❉ Does Evan Know What He’s Talking About? ❉
No, I know only as much microwave remote sensing as I could glean from the paper.
Taken from this paper on using remote sensing to measure urban agglomeration in two dimensions; they took ten years of data from two satellites, one measuring night time lights to measure sprawl, and another measuring microwave scattering to infer vertical build-up. They divided each city into a 21x21 grid, threw out the ones that contained just water, tallied the change in observed lights and microwave bouncin' (the build-out and build-up, respectively) for each square, and stuck a tiny line chart in each one to show the ten year change. Blue means not much changed, red means a lot was added. Left column NL is nighttime lights, and on the right PR stands for "power return," or the relative amount of energy bounced back to the satellite. A higher power return (augh augh augh) means more bigass buildings getting in the way and reflecting more microwaves.
Dense urban cores in Beijing and Shanghai didn't add much illuminance since they're already built up and nova-bright, but they sure as hell are growing vertically; just look at those ulcers in the right column. India's cities on the other hand aren't growing "up" much at all, but are creeping outwards in informal-as-hell ways. Neat! But I'd throw out the line graphs entirely and just code each square by color. You can't even make out the slopes of the lines, so why bother with anything but the hue?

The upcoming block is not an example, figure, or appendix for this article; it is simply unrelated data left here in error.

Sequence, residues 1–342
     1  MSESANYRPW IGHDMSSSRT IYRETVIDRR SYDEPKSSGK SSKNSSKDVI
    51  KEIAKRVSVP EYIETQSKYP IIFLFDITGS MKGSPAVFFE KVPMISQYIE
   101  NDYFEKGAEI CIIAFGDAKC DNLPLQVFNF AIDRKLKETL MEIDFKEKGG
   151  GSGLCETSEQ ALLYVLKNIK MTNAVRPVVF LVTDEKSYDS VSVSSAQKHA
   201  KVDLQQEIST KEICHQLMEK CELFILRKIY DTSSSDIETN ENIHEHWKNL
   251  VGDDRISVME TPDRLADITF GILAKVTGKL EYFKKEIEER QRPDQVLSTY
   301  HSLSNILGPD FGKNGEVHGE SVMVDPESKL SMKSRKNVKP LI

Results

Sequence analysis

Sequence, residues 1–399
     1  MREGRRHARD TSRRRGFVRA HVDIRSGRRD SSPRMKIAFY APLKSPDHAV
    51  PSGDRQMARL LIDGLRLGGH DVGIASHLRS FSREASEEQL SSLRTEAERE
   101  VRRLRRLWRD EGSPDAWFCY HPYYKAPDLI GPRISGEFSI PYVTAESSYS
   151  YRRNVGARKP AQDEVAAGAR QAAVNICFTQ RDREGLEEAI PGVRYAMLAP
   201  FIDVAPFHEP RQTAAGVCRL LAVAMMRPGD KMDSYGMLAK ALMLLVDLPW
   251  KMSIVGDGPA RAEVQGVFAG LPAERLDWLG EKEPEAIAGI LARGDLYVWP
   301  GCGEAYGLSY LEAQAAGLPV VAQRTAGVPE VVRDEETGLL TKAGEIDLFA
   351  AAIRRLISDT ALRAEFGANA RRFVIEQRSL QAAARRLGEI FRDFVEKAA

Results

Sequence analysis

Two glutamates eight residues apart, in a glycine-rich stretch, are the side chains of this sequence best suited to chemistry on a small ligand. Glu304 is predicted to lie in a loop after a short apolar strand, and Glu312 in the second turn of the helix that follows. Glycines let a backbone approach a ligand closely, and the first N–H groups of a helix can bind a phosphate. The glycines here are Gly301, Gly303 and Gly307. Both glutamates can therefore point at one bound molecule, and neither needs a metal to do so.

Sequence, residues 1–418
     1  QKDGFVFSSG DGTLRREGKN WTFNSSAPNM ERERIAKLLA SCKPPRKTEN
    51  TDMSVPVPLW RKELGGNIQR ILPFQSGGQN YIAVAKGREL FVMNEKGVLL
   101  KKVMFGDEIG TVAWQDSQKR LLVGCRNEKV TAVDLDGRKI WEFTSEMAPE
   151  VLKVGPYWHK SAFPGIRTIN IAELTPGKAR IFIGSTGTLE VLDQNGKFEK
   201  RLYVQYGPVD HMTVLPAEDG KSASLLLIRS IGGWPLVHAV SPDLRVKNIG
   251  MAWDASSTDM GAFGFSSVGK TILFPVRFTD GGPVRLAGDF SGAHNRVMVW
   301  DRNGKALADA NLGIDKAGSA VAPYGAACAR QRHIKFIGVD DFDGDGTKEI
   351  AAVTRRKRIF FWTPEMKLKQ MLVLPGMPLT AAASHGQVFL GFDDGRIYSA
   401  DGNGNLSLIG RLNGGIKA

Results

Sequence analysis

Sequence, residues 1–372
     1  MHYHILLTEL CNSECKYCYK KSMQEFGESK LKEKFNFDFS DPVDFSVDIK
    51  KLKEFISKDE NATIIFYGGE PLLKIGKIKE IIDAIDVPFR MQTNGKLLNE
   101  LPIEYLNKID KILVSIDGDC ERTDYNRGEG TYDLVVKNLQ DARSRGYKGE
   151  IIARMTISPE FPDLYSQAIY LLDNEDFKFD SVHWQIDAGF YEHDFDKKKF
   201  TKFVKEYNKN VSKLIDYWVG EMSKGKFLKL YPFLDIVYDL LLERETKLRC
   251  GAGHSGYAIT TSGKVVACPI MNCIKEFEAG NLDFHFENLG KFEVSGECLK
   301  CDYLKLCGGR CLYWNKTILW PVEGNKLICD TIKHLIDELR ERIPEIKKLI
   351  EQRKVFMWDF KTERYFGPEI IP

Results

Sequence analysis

The Lunar and Planetary Institute at the Universities Space Research Association hosts an archive of radar altimetry plots of Venus, made over the 80s and 90s. Geologic/geomorphic maps are always fun crazy patchworks, and the survey of that sulfurous hellscape is no exception.
Or as we at the Center for Biophotonics Science and Technology pitched it to tenth graders: "think of it as the intersection of light and life." Effectively meant expensive lasers, even more expensive microscopes, and something called Raman spectroscopy. That's as far as I knew, I was just a student designer entranced by the views I was InDesigning onto binders.
Yeah yeah yeah Vignelli blah blah blah Michael Hertz fuh fuh fuh every illustrator jockey ever, but my carto heart belongs to NYCT's bus maps. On first read, it's their completely insane energy that draws me in: manic tangles of color snaking over desaturated streets, every label fighting a losing battle with its neighbor.
Also making one of these is an order of magnitude more difficult than drawing a train map. Subway routes may be abstracted since riders need only know how to get from train A → train B at the white dots; they don't need to know how to navigate, only how to match the schematic with the signs flicking past. And they're on their damn own once they hit sunlight.
Bus mappers, however, can't throw basic navigation out the window. The conveyances are bound to roads, and so one can't grievously distort their routes. Knowing the B24 line intersects the Q60's doesn't mean dick if Queens Boulevard isn't also marked, since the riders "here I am" cues are street signs. This limited license to screw with space makes for some crowded rainbow messes, but even the most giga-dense segments of these maps are legible. This is a testament to the designers' skill and fastidiousness. They spun transit wool into variegated threads of gold, and I salute them here.